$\mathbf{a}\mathbf{b}=\mathbf{b}\mathbf{a}$ |

and for orthogonal vectors:

$\mathbf{a}\mathbf{b}=-\mathbf{b}\mathbf{a}$ |

The parallelism of vectors is encoded as a symmetric property, while orthogonality of vectors is encoded as an antisymmetric property.

The contraction rule specifies that the square of any vector is a scalar equal to the sum of the square of the magnitudes of its components in each basis direction. Depending on the contraction rule for each of the basis directions, the magnitude of the vector may be positive, negative, or zero. A vector with a magnitude of zero is called a *null vector*.

The graded algebra ${\cal{G}}_{{n}}$ generated from ${\cal{V}}^{{n}}$ is defined over a $2^{{n}}$-dimensional linear space. This basis entities for this space can be generated by successive application of the geometric product to the basis vectors of ${\cal{V}}^{{n}}$ until a closed set of basis entities is obtained. The basis entites for the space are known as *blades*. The following multiplication table illustrates the generation of basis blades from the basis vectors $\mathbf{e}_{{1}},\mathbf{e}_{{2}}\in{\cal{V}}^{{n}}$.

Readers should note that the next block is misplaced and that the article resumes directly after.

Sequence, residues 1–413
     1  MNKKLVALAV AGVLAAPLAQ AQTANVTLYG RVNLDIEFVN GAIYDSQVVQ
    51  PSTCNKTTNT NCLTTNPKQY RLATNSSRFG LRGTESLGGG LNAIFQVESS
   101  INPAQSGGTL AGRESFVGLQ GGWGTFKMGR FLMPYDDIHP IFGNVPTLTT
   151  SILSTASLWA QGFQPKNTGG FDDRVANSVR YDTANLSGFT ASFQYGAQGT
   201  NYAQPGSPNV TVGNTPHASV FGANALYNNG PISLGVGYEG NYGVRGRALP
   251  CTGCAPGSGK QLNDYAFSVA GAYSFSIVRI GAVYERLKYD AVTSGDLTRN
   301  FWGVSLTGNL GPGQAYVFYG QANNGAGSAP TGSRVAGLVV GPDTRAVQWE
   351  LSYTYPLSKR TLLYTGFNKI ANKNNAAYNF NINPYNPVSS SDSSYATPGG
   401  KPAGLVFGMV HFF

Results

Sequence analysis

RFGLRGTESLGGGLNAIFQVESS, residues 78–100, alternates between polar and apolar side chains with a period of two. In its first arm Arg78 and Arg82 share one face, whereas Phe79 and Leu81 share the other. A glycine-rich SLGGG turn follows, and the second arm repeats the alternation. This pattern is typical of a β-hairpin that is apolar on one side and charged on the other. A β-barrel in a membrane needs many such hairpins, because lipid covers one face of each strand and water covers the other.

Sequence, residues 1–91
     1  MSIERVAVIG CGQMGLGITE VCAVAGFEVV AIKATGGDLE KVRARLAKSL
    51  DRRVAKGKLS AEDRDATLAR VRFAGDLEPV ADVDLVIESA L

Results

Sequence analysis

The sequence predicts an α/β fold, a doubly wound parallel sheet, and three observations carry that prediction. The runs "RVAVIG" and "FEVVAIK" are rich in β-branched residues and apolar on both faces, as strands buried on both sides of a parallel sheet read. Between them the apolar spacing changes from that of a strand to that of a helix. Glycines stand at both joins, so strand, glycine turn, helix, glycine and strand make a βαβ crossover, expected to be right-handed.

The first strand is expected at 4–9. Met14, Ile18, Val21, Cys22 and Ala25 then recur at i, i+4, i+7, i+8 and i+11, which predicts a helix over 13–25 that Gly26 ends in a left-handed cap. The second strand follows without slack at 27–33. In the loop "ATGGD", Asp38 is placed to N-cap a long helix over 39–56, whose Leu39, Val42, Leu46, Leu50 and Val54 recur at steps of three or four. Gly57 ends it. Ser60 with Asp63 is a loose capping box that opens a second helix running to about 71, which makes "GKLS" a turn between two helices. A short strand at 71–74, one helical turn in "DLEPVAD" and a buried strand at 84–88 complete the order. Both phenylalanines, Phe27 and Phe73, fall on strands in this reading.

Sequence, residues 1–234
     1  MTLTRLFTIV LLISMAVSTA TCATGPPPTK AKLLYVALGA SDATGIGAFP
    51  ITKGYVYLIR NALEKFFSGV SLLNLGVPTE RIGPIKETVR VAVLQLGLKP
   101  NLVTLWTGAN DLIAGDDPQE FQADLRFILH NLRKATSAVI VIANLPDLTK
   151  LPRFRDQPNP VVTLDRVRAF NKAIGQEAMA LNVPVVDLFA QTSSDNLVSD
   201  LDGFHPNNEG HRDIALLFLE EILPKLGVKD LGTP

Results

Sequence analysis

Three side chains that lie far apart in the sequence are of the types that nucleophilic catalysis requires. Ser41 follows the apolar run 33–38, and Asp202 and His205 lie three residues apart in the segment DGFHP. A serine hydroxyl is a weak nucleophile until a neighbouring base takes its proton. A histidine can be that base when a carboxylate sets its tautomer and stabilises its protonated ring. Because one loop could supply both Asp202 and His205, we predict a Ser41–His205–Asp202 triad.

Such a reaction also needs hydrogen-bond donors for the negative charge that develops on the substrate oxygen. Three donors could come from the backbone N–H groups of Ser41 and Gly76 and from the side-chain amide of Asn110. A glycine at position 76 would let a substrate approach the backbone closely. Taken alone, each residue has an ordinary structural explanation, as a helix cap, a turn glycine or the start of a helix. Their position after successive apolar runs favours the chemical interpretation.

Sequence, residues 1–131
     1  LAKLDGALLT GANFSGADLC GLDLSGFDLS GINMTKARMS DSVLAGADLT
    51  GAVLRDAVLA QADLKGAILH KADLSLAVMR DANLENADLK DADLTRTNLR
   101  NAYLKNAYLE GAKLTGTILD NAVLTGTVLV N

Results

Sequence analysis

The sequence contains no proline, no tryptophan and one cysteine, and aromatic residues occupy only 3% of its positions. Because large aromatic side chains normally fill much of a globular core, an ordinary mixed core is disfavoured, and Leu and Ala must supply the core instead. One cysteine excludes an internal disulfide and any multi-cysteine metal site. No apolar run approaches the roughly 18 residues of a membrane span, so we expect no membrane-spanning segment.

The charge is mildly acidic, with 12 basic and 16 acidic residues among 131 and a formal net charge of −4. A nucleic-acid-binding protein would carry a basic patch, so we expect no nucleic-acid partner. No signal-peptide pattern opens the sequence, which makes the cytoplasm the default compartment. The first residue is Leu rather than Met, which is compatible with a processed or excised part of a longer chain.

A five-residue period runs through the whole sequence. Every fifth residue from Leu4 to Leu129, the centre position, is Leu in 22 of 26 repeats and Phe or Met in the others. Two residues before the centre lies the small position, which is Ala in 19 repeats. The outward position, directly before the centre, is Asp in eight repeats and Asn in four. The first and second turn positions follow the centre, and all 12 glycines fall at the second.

$\begin{array}[]{cccc}\epsilon_{{0}}&\mathbf{e}_{{1}}&\mathbf{e}_{{2}}&\mathbf{% e}_{{12}}\\ \mathbf{e}_{{1}}&\epsilon_{{1}}&\mathbf{e}_{{12}}&\epsilon_{{1}}\mathbf{e}_{{2% }}\\ \mathbf{e}_{{2}}&-\mathbf{e}_{{12}}&\epsilon_{{2}}&-\epsilon_{{2}}\mathbf{e}_{% {1}}\\ \mathbf{e}_{{12}}&-\epsilon_{{1}}\mathbf{e}_{{2}}&\epsilon_{{2}}\mathbf{e}_{{1% }}&-\epsilon_{{1}}\epsilon_{{2}}\end{array}$ |

Here, $\epsilon_{{1}}$ and $\epsilon_{{2}}$ represent the contraction rule for $\mathbf{e}_{{1}}$ and $\mathbf{e}_{{2}}$ respectively. Note that the basis vectors of ${\cal{V}}^{{n}}$ become blades themselves in addition to the multiplicative identity, $\epsilon_{{0}}\equiv 1$ and the new *bivector* $\mathbf{e}_{{12}}\equiv\mathbf{e}_{{1}}\mathbf{e}_{{2}}$. As the table demonstrates, this set of basis blades is closed under the geometric product.

The *geometric product* $\mathbf{a}\mathbf{b}$ is related to the inner product $\mathbf{a}\cdot\mathbf{b}$ and the exterior product $\mathbf{a}\wedge\mathbf{b}$ by

$\mathbf{a}\mathbf{b}=\mathbf{a}\cdot\mathbf{b}+\mathbf{a}\wedge\mathbf{b}=% \mathbf{b}\cdot\mathbf{a}-\mathbf{b}\wedge\mathbf{a}=2\mathbf{a}\cdot\mathbf{b% }-\mathbf{b}\mathbf{a}.$ |

In the above example, the result of the inner (dot) product is a scalar (grade-0), while the result of the exterior (wedge) product is a *bivector* (grade-2).

# Bibliography

1. David Hestenes, New Foundations for Classical Mechanics, Kluwer, Dordrecht, 1999

2. David Hestenes, Garret Sobczyk, Clifford Algebra to Geometric Calculus, Kluwer, Dordrecht, 1984

## Mathematics Subject Classification

15A66*no label found*15A75

*no label found*

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## Corrections

Geometric Algebra by Fernando Sales Mayor ✓

typo by yark ✓

Need clarification by CWoo ✓

not graded by silverfish ✓